Catalonia

Spain withdraws European arrest warrant for Puigdemont

Sacked Catalan leader and four former ministers no longer face arrest in Belgium, but could be held in Spain on return.

Puigdemont will run in the December 21 election under the All for Catalonia group [Sergio Perez/Reuters]

Spain's top court has withdrawn a European arrest warrant for dismissed Catalan President Carles Puigdemont and four former ministers who had escaped to Brussels because they showed intent to return to Spain and participate in upcoming elections.

But Supreme Court Judge Pablo Llarena said on Tuesday that the five Catalans still face charges in Spain of rebellion, sedition and embezzlement for their roles in staging in a secession referendum in October, which Madrid deemed illegal.

Al Jazeera's Karl Penhaul, reporting from Barcelona, said: "The judge is withdrawing the international request for arrest against [the five] ... That will effectively end extradition proceedings that were under way in Brussels.

"What it does not do is lift the arrest warrants for those people here in Spain."

In Spain, the crimes the five are accused of carry sentences of years in prison. The group could still be arrested if they return to Madrid.

"The definition of rebellion that Spanish authorities [adhere to] is not categorised as such under Belgian law. Hence, if the Belgian authorities extradited them, they couldn't face those charges in Spain which could carry a 30-year sentence," said Penhaul.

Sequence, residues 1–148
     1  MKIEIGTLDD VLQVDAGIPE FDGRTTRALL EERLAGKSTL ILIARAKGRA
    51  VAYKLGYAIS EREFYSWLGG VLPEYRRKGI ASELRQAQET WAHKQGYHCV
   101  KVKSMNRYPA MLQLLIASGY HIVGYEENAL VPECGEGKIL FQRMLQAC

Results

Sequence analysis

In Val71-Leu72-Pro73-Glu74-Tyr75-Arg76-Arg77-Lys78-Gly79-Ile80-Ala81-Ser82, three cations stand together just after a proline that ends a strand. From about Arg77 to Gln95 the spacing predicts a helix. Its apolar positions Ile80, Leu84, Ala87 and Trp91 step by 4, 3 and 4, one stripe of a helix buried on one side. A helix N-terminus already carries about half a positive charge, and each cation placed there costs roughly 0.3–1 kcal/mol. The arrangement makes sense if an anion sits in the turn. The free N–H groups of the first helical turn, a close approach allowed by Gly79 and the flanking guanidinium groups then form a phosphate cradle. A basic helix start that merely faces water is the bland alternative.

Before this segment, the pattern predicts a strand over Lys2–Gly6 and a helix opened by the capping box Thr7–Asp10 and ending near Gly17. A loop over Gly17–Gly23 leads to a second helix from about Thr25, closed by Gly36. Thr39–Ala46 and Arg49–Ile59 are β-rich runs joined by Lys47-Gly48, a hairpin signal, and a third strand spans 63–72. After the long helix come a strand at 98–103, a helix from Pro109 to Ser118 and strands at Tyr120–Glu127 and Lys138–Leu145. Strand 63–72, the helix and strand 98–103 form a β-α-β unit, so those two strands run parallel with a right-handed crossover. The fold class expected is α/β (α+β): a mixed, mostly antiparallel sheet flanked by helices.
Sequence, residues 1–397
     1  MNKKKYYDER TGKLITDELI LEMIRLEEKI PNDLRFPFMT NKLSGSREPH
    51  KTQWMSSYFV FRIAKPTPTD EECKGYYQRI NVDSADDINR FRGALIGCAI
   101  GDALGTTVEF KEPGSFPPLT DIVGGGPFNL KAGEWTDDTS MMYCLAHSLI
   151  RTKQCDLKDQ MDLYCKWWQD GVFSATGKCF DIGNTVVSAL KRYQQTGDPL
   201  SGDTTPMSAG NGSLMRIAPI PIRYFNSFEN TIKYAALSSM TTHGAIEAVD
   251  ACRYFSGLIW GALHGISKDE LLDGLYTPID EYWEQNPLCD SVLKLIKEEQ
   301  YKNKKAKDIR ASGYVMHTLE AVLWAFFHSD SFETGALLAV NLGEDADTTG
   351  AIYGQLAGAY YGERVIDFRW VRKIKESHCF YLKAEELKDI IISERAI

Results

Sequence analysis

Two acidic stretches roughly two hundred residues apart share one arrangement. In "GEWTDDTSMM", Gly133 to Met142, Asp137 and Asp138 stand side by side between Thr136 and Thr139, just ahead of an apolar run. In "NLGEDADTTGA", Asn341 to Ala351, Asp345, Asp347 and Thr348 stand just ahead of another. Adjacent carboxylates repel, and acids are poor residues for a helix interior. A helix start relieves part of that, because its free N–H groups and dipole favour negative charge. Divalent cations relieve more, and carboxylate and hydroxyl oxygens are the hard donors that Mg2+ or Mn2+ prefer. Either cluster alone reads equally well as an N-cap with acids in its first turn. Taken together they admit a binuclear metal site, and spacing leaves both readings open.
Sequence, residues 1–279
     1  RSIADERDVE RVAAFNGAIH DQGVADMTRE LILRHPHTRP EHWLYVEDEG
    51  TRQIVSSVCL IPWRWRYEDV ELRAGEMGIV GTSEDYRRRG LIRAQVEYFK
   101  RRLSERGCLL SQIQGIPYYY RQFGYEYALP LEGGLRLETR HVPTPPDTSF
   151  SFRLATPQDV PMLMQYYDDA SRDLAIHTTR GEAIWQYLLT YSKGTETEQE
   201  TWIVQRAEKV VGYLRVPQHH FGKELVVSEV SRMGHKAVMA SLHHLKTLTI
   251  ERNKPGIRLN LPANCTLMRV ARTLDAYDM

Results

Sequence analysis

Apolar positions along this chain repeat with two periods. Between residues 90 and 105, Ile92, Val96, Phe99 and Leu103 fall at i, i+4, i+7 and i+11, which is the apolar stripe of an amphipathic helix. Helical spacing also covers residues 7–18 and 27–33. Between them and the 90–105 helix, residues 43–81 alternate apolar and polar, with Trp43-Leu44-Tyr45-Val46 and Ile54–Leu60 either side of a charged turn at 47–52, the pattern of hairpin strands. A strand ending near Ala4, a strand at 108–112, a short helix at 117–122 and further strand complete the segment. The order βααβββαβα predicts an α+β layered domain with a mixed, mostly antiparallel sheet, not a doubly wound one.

Our correspondent said Puigdemont and the ministers were likely to avoid returning to Spain to prevent arrest there.

Puigdemont had said in November the group travelled to Belgium to avoid violence. 

The court's decision came as people in Barcelona, the capital of Catalonia, protested to demand the release of other separatist leaders held in Spanish jails.

Meanwhile, campaigning is under way to pick a new regional government, with elections expected to take place on December 21.

Puigdemont will run in the election under the All for Catalonia group. He launched his campaign from Belgium.

Spain's national government in Madrid dissolved the previous Catalan administration following weeks of unrest following the secession vote.

In the October 1 referendum, Catalans voted to secede from Spain, but turnout was reportedly lower than 50 percent.

Source: Al Jazeera News